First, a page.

Hollowcore planks are used predominantly for floor and roof deck components for various structures including multifamily housing, hotel and condominiums, office buildings, schools and prisons.
They typically are cast in widths of 2, 4 and 8 feet, although some precasters offer 10- and 12-ft widths. Six typical depths are used: 6, 8, 10, 12, 15 and 16 inches. Typical span-to-depth rations for floors range between 30 and 40, while for roofs they are 40 to 50.
Hollowcore planks typically are cast in 300- to 500-foot-long prestressing facilities with at least one system making the slabs in 60-foot-long self-stressing forms that circulate through a production cycle. The long-line method consists of a proprietary machine specific to the brand. It extrudes the concrete and creates the voids by means of either a rotating auger or by placement of aggregate filler that is later removed.
The general production method consists of 13 steps:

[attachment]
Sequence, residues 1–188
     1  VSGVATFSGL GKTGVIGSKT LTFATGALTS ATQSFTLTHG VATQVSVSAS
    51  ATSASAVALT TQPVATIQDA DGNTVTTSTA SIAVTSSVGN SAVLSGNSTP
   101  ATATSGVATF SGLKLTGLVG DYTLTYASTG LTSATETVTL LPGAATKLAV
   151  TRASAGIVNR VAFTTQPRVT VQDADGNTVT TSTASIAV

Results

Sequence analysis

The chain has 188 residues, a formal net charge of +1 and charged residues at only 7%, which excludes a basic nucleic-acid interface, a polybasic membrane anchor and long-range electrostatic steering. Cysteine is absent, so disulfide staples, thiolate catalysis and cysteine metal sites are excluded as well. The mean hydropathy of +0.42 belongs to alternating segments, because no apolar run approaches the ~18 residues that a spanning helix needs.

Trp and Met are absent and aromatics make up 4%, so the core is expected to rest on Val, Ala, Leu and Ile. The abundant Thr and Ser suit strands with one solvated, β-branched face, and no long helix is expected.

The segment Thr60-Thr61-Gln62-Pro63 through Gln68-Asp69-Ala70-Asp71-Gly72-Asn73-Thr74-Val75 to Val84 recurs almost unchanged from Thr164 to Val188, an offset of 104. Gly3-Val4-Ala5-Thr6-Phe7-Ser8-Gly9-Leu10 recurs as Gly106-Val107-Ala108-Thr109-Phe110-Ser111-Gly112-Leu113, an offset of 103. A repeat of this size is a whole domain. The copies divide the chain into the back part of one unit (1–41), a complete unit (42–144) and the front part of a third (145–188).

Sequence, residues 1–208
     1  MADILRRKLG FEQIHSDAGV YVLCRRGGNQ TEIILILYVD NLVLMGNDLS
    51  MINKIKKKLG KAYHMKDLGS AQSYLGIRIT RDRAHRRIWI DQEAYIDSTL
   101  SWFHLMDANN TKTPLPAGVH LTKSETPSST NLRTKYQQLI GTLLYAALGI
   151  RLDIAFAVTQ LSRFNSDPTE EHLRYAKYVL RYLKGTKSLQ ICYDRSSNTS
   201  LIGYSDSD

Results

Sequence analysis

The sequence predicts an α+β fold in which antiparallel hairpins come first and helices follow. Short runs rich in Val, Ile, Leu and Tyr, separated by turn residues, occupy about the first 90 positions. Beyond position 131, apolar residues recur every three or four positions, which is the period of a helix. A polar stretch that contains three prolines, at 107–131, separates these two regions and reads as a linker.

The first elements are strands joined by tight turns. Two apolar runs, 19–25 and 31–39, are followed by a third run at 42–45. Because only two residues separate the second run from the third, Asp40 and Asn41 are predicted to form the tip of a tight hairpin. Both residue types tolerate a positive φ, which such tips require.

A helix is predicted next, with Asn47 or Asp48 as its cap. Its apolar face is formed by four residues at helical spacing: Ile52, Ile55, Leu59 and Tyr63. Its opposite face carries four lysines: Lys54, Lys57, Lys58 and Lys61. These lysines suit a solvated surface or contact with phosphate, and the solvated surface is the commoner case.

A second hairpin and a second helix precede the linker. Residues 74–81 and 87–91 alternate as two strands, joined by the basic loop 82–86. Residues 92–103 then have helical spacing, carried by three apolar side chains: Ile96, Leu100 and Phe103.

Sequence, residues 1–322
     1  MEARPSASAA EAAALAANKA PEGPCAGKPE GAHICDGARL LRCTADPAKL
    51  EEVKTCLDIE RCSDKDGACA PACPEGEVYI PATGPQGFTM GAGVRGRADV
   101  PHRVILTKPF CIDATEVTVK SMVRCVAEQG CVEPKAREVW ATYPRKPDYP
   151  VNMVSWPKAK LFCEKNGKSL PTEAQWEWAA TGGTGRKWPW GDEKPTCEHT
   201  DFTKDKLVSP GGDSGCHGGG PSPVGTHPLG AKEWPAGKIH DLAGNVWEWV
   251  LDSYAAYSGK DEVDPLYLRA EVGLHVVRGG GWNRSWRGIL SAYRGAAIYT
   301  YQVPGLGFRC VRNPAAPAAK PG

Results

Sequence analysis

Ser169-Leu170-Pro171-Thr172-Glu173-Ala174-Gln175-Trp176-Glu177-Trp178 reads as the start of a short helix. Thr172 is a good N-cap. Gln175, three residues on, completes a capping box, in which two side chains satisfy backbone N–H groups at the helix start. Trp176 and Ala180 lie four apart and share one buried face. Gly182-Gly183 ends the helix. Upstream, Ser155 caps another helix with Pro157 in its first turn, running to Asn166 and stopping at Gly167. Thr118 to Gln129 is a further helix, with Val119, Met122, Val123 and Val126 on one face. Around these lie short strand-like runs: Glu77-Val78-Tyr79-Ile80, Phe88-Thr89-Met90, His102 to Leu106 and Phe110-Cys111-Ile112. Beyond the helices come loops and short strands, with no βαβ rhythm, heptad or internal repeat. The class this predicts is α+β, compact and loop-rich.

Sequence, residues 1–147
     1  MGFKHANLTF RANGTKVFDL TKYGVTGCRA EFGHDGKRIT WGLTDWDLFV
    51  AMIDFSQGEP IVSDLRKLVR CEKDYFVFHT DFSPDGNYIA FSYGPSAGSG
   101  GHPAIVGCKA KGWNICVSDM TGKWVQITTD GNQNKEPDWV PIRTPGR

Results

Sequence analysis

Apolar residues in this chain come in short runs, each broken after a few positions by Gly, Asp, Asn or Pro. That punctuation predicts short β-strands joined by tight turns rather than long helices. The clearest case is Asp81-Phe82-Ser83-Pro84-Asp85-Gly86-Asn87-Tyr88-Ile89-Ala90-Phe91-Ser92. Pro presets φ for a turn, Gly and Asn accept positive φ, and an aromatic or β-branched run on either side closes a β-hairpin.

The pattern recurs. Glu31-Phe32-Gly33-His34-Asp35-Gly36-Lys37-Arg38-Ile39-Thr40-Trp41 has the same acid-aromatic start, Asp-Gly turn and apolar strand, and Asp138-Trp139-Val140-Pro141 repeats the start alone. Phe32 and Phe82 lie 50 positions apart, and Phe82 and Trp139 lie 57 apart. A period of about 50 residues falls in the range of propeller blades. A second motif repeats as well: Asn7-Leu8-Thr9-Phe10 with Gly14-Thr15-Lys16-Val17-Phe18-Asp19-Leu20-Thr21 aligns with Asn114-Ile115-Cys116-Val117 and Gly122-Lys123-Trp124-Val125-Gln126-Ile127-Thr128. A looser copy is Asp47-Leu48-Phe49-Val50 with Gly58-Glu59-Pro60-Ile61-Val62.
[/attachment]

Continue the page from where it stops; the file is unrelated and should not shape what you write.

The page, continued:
- preparing the form
- pulling strands from abutment to abutment
- stressing the strands to proper tension
- installing embeds and material to form openings if they occur
- making a pre-pour quality control check
- running the casting machine from end to end
- creating a 300- to 500-foot-long slab
- curing for 12 to 16 hours
- marking the lengths of specific pieces based on requirements for a particular project
- saw-cutting the individual pieces to length
- stripping the pieces
- making a post-pour quality control check
- moving the pieces to storage awaiting shipment to the site
The form side (bottom) is smooth as cast and typically remains that way in the finished construction. It is usually an exposed-to-view surface and is often painted. The top side also is usually smooth and can remain as such for direct carpet applications. It also can be kept slightly rough to receive a composite cast-in-place structural topping of 2 to 3 inches, as with double tees.
Producers of hollowcore planks use trademarked processes that create different shapes for the voids within the pieces. No benefits are derived from one format over another, although their processes may differ.
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